- Improved software quality – Designing APIs first ensures security and compliance requirements are met early in the development process, well before the API is ready to be deployed to production. With less need to fix security flaws in production, your operations, quality, and security engineering teams have more time to work directly with the development teams to ensure quality and security standards are met in the design phase.
- Faster time to market – With fewer dependencies and a consistent framework for interservice communication, different teams can build and improve their services much more efficiently. A consistent, machine‑readable API specification is one tool that can help developers and Platform Ops teams to work better together.
Overall, adopting an API‑first approach can help a company build a more flexible, scalable, and secure microservices architecture.
How Adopting a Common API Specification Can Help
In the typical enterprise microservice and API landscape, there are more components in play than a Platform Ops team can keep track of day to day. Embracing and adopting a standard, machine‑readable API specification helps teams understand, monitor, and make decisions about the APIs currently operating in their environments.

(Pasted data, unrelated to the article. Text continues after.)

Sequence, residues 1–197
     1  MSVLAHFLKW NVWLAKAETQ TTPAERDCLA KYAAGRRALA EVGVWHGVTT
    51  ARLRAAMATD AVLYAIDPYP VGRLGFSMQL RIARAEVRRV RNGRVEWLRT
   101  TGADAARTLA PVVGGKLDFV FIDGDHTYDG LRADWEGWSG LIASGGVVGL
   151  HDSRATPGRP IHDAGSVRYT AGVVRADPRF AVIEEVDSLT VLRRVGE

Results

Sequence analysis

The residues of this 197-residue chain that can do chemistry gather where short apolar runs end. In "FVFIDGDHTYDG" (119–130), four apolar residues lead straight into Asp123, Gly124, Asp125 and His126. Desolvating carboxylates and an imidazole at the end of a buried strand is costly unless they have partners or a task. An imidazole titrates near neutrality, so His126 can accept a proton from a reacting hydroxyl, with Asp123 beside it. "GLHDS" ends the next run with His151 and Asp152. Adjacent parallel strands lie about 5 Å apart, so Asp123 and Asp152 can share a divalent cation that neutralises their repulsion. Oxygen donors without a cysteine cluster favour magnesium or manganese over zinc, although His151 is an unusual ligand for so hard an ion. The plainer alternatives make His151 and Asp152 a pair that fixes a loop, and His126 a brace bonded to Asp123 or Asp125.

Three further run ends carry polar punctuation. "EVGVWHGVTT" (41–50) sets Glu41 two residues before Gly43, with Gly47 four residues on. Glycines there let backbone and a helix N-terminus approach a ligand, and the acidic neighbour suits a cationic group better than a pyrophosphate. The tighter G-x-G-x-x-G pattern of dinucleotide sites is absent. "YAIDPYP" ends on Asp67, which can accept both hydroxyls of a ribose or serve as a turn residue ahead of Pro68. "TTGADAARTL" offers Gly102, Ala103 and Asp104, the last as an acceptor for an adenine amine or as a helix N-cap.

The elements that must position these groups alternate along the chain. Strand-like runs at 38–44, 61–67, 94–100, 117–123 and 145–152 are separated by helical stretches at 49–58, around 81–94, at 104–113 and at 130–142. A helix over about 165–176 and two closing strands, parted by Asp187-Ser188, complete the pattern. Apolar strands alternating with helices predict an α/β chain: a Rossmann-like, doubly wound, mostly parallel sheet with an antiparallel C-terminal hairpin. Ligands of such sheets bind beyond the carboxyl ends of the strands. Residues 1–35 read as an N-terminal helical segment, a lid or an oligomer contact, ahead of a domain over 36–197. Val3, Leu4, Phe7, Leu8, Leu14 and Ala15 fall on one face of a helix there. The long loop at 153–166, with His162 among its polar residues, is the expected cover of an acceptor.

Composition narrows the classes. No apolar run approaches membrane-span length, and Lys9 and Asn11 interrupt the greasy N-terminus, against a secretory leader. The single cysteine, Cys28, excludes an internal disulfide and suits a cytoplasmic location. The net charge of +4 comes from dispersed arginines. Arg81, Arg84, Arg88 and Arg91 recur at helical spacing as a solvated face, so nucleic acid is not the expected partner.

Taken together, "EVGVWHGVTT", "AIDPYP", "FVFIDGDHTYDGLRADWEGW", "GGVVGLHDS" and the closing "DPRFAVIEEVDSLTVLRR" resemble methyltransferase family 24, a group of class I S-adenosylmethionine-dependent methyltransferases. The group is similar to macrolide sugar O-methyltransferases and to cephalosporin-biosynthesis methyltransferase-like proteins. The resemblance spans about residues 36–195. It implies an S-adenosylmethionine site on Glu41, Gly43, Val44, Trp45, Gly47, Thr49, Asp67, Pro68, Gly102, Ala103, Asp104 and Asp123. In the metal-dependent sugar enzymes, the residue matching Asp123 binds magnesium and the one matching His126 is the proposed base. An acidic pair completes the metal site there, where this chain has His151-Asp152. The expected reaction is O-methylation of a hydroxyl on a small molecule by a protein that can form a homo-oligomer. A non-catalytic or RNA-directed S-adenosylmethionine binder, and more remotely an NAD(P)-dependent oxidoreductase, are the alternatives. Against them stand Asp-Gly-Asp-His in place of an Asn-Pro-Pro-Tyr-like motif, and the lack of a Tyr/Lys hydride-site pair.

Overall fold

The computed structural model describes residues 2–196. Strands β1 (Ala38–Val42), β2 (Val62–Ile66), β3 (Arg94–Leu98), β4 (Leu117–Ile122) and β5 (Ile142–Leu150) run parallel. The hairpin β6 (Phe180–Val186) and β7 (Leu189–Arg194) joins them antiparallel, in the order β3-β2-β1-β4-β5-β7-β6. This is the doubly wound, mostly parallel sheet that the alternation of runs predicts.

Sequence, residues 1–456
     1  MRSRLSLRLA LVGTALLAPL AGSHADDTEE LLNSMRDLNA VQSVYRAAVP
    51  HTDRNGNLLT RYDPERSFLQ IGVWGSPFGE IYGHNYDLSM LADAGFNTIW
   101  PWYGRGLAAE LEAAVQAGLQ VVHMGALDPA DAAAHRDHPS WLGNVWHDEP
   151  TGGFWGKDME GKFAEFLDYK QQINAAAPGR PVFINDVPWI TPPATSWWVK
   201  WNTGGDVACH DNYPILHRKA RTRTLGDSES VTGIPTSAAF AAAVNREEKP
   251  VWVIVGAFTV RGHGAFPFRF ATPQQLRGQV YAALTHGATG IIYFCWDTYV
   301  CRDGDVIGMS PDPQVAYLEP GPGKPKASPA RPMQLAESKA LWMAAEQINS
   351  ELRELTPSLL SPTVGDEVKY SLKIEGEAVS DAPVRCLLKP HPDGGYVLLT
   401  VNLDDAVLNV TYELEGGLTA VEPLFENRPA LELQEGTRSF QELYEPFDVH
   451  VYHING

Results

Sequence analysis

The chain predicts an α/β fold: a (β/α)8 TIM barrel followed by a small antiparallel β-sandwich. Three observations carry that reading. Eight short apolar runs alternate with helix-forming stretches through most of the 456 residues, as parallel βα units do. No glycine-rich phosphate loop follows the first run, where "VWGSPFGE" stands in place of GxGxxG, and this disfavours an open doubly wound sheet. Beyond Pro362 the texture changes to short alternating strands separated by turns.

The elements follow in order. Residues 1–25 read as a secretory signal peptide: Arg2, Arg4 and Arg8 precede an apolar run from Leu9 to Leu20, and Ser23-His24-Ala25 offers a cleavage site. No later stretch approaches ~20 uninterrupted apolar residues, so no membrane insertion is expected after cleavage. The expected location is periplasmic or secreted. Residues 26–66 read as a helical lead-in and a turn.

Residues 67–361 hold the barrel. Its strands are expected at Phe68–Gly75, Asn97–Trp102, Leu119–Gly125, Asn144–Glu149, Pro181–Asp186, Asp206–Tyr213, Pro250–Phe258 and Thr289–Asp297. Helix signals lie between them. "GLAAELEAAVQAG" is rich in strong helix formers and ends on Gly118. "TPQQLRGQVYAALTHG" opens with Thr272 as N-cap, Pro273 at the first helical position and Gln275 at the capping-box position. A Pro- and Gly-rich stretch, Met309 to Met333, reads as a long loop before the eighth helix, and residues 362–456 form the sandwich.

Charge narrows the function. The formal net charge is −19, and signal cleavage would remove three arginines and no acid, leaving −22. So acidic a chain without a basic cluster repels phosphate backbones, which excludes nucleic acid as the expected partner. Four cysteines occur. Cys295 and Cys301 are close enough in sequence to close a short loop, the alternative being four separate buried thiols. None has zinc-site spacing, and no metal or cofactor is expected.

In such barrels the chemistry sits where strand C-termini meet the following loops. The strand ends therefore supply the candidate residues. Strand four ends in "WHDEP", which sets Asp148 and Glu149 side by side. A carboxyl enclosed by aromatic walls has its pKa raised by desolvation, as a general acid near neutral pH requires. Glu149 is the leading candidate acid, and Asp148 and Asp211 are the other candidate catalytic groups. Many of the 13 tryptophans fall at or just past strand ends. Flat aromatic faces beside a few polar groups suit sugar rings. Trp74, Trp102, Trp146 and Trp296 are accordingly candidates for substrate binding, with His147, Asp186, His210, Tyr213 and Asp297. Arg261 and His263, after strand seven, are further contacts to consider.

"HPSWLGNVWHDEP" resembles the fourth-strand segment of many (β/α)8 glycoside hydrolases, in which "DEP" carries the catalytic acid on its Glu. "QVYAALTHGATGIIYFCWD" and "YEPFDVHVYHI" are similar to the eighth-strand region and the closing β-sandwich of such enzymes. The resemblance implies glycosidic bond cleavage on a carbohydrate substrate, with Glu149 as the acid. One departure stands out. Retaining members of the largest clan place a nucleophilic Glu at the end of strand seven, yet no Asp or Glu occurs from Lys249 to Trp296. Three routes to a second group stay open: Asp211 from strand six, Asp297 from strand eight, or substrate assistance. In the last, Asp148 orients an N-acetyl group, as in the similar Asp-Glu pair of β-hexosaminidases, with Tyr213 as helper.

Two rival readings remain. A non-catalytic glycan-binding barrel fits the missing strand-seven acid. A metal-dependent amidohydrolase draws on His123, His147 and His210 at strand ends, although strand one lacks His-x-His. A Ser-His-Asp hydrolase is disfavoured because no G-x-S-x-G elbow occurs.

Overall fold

Adopting a common API specification can also help improve collaboration with stakeholders during the API design phase. By producing an API contract and formalizing it into a standard specification, you can ensure that all stakeholders are on the same page about how an API will work. It also makes it easier to share reusable definitions and capabilities across teams.
Today there are three common API specifications, each supporting most types of APIs:
- OpenAPI – JSON or YAML descriptions of all web APIs and webhooks
- AsyncAPI – JSON or YAML descriptions of event‑driven APIs